Marijuana advocates protested in front of the White House in 2016, demanding that the drug be legalized federally. For almost five years D.C. has been prohibited by Congress from legalizing pot sales.
Any hopes that D.C. may soon legalize the sale of marijuana for recreational use are being put on hold again.
As part of a $1.3 trillion must-pass federal spending bill unveiled Monday night, Congress will continue to prohibit D.C. from passing any bill legalizing or regulating marijuana sales, which Mayor Muriel Bowser and multiple members of the D.C. Council have said they would like to do. The prohibition — which was first put in place in 2015 — will now extend through at least September 2020.
The news that the prohibition was again included in the spending bill — which Congress is expected to approve on Tuesday — dashes the rising optimism felt earlier this year by D.C. officials when the ban wasn't even included in the House's version of the measure, largely because Democrats controlled the chamber for the first time in years. But it was instead inserted into the Senate version, and remained there after negotiators from both chambers hashed out a compromise bill needed to prevent another government shutdown later this week.
"Ridiculous," tweeted Mayor Muriel Bowser on Monday night. "We should have the right to implement #SafeCannabis just like other jurisdictions do to promote safety for their residents."
Bowser introduced a bill in May that would have allowed recreational marijuana sales in D.C., with revenues from taxes used to pay for housing programs. A similar bill was introduced earlier in the year by Council member David Grosso (I-At Large), who has pursued similar measures every year since 2014, when D.C. voters approved a ballot measure that legalized the possession, personal use, home cultivation, and gifting of small amounts of marijuana — but not sales.
That's created something of a growing and unregulated "gray market" where vendors sell regular items like stickers or baked goods and give a "gift" of marijuana with it. D.C. Police have occasionally cracked down on marijuana pop-up events, and have more recently expressed concern over robberies, shootings, and other violent incidents at some of the impromptu marketplaces.
The prohibition on D.C. legalizing marijuana sales — known as a "budget rider" — had initially been sponsored by Rep. Andy Harris (R-Maryland), who said that marijuana use is harmful and called D.C. residents' vote in 2014 on marijuana legalization a "bad decision."
And it wasn't the first time Congress acted to stop D.C. from easing its pot laws. After D.C. residents approved medical marijuana at the ballot box in 1998, congressional Republicans prohibited the city from spending any money to actually implement the program. The ban remained in place for a decade, and the first legal sale of medical marijuana only happened in 2013. As of last month, there were 6,179 registered patients in the program.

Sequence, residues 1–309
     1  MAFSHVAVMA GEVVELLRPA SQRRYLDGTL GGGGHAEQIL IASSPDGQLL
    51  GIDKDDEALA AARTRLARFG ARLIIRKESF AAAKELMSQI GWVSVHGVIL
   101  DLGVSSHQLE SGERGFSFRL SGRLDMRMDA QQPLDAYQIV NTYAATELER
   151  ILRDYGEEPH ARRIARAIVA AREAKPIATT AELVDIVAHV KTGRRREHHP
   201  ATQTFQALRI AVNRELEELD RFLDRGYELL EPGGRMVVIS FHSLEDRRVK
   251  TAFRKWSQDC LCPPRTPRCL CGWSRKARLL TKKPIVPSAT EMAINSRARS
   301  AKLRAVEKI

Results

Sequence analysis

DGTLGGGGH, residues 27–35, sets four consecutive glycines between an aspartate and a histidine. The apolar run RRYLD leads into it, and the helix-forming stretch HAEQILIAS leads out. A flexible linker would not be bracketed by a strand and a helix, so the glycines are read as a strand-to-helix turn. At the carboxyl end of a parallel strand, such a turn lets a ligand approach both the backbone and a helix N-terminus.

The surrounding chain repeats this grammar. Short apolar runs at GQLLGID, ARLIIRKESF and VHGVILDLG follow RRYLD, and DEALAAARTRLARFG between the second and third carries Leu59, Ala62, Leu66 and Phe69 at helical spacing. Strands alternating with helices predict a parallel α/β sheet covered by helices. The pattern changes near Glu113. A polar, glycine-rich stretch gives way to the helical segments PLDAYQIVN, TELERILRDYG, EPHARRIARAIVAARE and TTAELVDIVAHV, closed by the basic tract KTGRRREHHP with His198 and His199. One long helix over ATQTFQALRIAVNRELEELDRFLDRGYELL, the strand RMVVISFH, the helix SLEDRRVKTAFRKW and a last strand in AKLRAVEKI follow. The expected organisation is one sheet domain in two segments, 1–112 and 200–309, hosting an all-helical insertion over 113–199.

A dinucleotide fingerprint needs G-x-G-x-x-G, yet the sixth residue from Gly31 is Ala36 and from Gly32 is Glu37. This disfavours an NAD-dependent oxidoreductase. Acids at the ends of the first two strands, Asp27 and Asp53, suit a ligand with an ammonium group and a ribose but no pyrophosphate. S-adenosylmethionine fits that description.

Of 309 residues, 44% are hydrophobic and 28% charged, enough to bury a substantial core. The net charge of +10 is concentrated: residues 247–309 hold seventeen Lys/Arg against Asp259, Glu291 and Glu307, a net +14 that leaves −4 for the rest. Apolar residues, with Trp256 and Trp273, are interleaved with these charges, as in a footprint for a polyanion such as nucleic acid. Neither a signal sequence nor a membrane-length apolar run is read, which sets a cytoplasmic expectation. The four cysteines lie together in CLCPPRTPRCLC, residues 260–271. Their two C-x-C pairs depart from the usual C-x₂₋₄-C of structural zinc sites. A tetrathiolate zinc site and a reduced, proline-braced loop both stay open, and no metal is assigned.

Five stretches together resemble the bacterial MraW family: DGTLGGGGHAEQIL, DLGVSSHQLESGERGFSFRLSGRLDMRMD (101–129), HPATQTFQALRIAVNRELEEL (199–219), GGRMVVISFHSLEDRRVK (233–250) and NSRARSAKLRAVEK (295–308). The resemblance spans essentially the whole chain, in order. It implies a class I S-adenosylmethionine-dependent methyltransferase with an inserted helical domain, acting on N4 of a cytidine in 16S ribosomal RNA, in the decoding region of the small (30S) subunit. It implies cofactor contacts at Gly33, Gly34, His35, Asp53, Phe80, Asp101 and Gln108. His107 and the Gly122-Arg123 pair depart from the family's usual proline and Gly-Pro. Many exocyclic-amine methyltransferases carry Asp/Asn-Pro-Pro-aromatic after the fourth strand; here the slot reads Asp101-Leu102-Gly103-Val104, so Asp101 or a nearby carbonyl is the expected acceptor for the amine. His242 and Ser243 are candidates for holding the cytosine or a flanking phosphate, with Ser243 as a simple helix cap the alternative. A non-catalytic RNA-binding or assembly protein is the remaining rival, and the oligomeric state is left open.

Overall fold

While the ongoing ban means D.C. can't take any real steps to legalize marijuana sales, Attorney General Karl Racine said earlier this year the Council could hold hearings on Bowser and Grosso's bills. That's a change from early 2015, when the Council called off a planned hearing on a pot legalization measure after Racine warned lawmakers that even that amount to a violation of the congressional prohibition.
Eleven states across the U.S. have legalized the sale of marijuana for recreational uses, and New Jersey voters are set to decide next year whether the Garden State should follow suit. Lawmakers in both Maryland and Virginia have started discussing possible legalization, though it wouldn't happen for a few years. Nationally, polling shows that two-thirds of Americans support marijuana legalization.
D.C., of course, is in a category of its own — a city with a locally elected mayor and council that still needs Congress to agree to any legislation that is passed. And even though specific D.C. bills are rarely vetoed on Capitol Hill, lawmakers in Congress can still exercise their authority over the District through annual spending bills.
D.C. Del. Eleanor Holmes Norton hailed certain provisions of the spending bill, saying it increases the payment to the city for handling security at certain federal events, secures funding for the program that gives D.C. residents money to help pay for tuition at state universities across the country, and again exempts the city from any federal government shutdown over the next few years.
But she did criticize the bill for renewing funding for the private-school voucher program, and for again including a rider that prohibits D.C. from spending any money to help subsidize abortions for low-income women. That also drew opposition from Sen. Chris Coons (D-Delaware).
"While the Hyde Amendment withholds federal dollars from coverage for abortions in most circumstances, every state has long had the option to use its own funds to provide broader coverage in its Medicaid program," he tweeted. "This policy deprives residents of D.C. of that same freedom to govern themselves and violates the promise of home rule. It's a policy that should not continue."
In a statement, Norton said the marijuana legalization and abortion riders would likely remain in place while power was divided on Capitol Hill.
"Until Democrats take the Senate, it will be difficult to eliminate anti-home-rule riders," she said.